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ASK THE KIELBURGERS

Ask the Kielburgers: Where should my charitable dollars go? Add to ...

Welcome to Live Better, a new weekly feature from Globe Life dedicated to giving back and socially conscious living

THE QUESTION

In terms of international development, do you think it's better to donate to an education cause or a health cause? Where would my donation have more lasting impact?

THE ANSWER

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That's a great question. They are both such urgent issues in developing countries.

The good thing is that a boost in either area of education or health can have a positive impact on the other.

On the one hand, a child who is not sick, not caring for an ailing relative, or not looking after the domestic duties of a disabled or deceased relative, can more likely go to school.

On the other hand, education in such basic health issues as nutrition, sanitation and maternal health (during and after pregnancy) can help prevent the disease, illness and premature death that cripple families and whole generations.

It’s a win-win situation.

For instance, the interconnectivity of education and health was powerfully illustrated to us in the days following the devastating earthquake in Haiti. We arrived in Port-au-Prince to utter chaos. The airport was non-functional and the main seaport severely damaged.

Prior to the arrival of the U.S. and Canadian armed forces, and the large-scale foreign relief organizations, there were local Haitian organizations and individuals valiantly acting as first responders. At a church that had been turned into a makeshift hospital, we met a young Haitian nurse in a very dramatic way. She was stepping over the bodies to reach us, and almost collapsed with sheer exhaustion. She said she was grateful to see a familiar face.

She explained that we had met about 10 years ago, when she was a student at a Canadian-funded primary school near her village. She reintroduced herself as Mona, and explained that she was now a nursing student. We learned later that, heroically, she ran into her collapsing home during the after-shocks to get her medical supplies to start treating the wounded.

Last week, Mona graduated third in her class and will soon start as a community health worker in her home village of Pandiassou.

You could make the argument that, dollar-for-dollar, health projects have the largest impact because they are long-term investments in a community’s physical, social and economic capacity. But interestingly, these are frequently education-based, with the local schools serving as community meeting, learning and health information centres.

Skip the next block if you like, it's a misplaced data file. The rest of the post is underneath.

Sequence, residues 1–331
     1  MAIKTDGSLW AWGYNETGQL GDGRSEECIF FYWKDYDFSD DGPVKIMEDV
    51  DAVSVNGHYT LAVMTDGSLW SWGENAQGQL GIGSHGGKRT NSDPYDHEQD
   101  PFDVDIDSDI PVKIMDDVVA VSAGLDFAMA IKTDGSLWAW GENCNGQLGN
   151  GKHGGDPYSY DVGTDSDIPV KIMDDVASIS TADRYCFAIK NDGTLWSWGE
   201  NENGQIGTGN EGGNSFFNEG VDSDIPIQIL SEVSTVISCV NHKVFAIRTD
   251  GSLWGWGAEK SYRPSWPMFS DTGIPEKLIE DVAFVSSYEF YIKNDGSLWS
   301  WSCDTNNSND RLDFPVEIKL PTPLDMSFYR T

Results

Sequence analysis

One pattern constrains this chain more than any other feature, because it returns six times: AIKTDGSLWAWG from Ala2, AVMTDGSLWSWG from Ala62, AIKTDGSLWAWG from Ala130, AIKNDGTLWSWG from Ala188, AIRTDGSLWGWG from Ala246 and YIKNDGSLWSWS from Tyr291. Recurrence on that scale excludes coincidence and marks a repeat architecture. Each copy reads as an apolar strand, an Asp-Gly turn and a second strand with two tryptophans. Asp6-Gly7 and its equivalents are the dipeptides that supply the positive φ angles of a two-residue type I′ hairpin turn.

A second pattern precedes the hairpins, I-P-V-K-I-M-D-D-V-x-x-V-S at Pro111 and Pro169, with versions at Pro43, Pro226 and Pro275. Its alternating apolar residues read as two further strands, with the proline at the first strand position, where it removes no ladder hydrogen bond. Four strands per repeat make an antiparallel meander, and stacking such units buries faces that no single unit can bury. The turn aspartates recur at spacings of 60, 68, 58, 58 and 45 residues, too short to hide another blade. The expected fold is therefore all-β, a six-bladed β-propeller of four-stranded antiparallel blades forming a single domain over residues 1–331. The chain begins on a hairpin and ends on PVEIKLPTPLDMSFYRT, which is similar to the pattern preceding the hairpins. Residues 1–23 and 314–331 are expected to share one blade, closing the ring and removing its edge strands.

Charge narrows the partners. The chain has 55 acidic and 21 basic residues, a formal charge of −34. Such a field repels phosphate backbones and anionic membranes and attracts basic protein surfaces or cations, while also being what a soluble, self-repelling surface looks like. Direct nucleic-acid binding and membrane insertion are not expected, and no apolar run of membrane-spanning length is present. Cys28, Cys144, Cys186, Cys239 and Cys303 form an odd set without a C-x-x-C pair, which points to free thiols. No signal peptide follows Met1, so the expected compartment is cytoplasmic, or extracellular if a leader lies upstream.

If you want to donate in a more targeted way, there are inexpensive disease prevention materials with big impacts, such as mosquito nets ($5-$10 per net) that help prevent malaria. Or you can give to more costly infrastructure projects, such as water catchment systems ($5,000-plus per system), which provide access to clean water for hundreds of people.

One way you could help is to press your Member of Parliament to fix Canada’s broken Access to Medicines Regime, so that affordable drugs to treat and prevent deadly diseases can be more efficiently provided to those in greatest need.

This is not to say that straight-up education projects aren’t extremely cost-effective, long-term development boosters, from outfitting classrooms ($1,500-plus) and building classrooms ($7,500-plus) to funding teachers (varies by country, approximately $1,200 a year) or donating to scholarship programs to send village graduates to high school or college. Then there are school nutrition programs (typically $10 per child per month).

Unfortunately, there is a lot of need around the world. Your generosity or donation to any cause you believe in will have a positive impact, so long as you do your research. Look for a reputable organization that operates in true partnership with the communities in which they work.

Ask whether they have local staff in the country, and whether they have made a long-term commitment to the region.

(For help on picking a charity, please feel free to e-mail us.)

Regardless of the specific project, education and health are the fundamental building blocks of any community. The bang for your buck in either area is one that will echo for generations.

Craig and Marc Kielburger co-founded Free the Children. Follow Craig at facebook.com/craigkielburger and @craigkielburger on Twitter.

Readers are invited to send questions to livebetter@globeandmail.com.

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